Noah Ritter was having the best day of his life–that is, until it rapidly spiraled into his worse nightmare. The 5-year-old, who is crashing with Grandpa Jack in Wilkes Barre, PA for the summer, became an overnight internet sensation when he reviewed rides for a local TV station at the Wayne County Fair in Pennsylvania and hijacked the interview with his adorable overuse of the word “apparently.”
But by the next morning, throngs of TV reporters–vultures, really–had descended on Grandpa Jack’s lawn. Everyone wanted a piece of #ApparentlyKid, who seems more confused and overwhelmed by each interview. The questions keep coming: “What does apparently mean?” (He’s not sure.) “How does it feel to be a superstar?” (Good.) “What do you want to be when you grow up?”(A paleontologist.) But all Noah really wants to talk about are dinosaurs. The whole thing seems rather exploitative, especially as we see Noah become increasingly flustered.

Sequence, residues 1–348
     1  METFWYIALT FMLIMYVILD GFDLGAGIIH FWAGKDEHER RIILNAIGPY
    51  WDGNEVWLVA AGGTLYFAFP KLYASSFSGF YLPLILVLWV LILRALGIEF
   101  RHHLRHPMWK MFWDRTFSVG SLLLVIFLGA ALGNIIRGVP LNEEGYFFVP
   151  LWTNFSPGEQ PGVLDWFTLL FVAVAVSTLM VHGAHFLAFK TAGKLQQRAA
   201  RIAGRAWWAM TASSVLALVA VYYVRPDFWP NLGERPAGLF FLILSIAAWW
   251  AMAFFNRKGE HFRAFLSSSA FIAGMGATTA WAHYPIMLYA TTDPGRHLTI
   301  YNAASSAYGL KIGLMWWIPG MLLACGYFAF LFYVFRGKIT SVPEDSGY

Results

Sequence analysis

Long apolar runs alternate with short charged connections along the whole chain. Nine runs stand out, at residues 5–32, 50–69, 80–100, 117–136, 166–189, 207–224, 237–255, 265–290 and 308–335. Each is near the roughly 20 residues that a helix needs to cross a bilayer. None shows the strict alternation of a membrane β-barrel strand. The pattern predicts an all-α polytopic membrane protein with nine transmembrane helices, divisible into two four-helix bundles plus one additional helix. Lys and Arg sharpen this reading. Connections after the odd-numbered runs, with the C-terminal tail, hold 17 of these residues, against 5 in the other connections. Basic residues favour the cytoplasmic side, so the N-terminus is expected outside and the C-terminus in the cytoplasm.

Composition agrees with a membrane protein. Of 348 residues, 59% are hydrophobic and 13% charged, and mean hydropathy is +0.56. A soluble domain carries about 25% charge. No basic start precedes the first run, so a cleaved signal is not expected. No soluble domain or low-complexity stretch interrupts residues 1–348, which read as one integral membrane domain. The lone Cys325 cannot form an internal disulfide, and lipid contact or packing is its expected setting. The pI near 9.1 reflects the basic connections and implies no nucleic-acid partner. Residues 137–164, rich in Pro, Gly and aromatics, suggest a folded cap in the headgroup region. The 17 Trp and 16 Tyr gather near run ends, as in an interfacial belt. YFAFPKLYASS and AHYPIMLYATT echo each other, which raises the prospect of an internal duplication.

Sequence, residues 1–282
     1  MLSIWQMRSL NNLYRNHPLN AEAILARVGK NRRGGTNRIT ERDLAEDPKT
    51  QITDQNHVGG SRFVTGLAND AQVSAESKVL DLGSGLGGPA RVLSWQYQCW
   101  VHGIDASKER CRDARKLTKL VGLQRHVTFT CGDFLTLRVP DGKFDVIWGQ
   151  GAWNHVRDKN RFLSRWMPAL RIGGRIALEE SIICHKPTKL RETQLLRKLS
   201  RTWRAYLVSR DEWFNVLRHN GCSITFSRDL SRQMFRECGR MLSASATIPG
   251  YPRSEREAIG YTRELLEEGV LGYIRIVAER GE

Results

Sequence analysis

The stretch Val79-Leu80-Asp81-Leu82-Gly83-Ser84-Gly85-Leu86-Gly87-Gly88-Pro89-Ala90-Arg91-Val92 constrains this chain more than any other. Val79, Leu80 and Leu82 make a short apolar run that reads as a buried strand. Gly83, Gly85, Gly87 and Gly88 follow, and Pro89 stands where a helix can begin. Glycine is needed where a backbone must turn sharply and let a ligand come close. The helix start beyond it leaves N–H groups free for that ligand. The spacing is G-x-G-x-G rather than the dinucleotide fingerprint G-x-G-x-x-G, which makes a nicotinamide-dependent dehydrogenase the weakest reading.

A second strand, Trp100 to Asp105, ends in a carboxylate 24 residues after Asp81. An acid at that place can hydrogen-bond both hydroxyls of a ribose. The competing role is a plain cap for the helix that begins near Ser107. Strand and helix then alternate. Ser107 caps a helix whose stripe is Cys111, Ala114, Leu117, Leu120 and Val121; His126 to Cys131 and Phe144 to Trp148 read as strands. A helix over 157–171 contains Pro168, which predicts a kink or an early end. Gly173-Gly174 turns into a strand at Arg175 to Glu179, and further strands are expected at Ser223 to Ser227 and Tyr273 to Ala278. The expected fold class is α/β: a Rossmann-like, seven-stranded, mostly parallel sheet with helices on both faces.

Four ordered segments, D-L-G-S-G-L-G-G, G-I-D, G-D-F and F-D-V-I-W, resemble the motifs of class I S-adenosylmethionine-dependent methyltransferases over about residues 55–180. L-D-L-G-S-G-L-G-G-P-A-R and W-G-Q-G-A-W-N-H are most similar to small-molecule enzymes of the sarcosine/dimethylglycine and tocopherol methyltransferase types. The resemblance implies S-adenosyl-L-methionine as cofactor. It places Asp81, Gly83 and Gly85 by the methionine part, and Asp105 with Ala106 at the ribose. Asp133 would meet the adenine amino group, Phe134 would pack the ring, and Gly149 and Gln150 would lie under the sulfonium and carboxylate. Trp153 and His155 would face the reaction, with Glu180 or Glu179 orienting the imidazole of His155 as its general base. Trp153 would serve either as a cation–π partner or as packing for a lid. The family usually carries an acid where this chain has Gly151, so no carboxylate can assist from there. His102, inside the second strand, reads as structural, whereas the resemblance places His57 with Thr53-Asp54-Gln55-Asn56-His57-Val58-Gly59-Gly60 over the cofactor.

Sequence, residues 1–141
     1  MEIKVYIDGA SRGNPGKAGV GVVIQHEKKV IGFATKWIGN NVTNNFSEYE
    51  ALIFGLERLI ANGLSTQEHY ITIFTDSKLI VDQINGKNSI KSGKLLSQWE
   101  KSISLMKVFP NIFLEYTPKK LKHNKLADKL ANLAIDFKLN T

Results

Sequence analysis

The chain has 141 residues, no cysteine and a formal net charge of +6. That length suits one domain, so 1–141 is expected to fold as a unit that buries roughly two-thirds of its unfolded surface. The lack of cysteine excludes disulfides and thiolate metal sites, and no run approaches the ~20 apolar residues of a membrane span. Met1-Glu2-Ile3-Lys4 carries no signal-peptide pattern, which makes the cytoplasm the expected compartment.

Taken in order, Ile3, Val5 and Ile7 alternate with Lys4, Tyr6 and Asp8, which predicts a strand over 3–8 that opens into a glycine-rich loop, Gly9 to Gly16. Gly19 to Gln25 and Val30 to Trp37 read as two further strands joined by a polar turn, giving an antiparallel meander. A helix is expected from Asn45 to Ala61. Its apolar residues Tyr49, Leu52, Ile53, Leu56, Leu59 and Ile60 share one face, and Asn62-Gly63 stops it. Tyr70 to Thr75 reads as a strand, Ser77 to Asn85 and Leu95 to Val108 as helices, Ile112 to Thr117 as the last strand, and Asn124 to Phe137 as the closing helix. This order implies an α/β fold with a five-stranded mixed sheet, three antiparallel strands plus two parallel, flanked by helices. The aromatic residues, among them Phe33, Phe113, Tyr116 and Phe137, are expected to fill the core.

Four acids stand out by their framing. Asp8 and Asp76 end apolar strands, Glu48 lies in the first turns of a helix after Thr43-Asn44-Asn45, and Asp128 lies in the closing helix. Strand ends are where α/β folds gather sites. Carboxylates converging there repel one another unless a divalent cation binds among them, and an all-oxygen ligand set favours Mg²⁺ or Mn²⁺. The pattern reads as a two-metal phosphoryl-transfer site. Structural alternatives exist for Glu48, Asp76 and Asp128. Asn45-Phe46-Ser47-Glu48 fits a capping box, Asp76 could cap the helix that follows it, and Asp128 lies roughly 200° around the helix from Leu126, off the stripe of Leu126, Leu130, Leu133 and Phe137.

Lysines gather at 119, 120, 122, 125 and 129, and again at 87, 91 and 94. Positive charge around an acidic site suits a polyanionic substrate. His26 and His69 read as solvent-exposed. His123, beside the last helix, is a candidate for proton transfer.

Watch the media corner poor Noah on his bike:
At his paleontology dig:
Here he is confused as ever on “Good Morning America.” (Why are they all laughing, Grandpa? Are the laughing at me or with me?):
Reporters keep flooding in. And now Noah’s become insecure about his signature word that made him famous. “I was so embarrassed, I was this much embarrassed,” Noah confesses to a reporter from Newswatch16. At one point he slaps his forehead and turns pink as an “apparently” slips out, saying, “And now I’m just using the word that I used when I was filmed at the county fair.”
This is just awful! They’ve robbed the word “apparently” from #ApparentlyKid.
Even Stephen Colbert poked fun at the “natural-born newsman,” comparing his signature word to Sean Hannity’s use of “literally.” (Ironically, it was Hannity who was offended by the comparison, when it should really be the other way around.)
Noah is adorable and precocious and charming, and we all love seeing his face on TV, but this needs to end. I am not convinced that internet fame is completely harmless to children. They took a child who was wonderfully uninhibited–as children often are–and made him self-conscious of his most lovable idiosyncrasy. Who’s with me?
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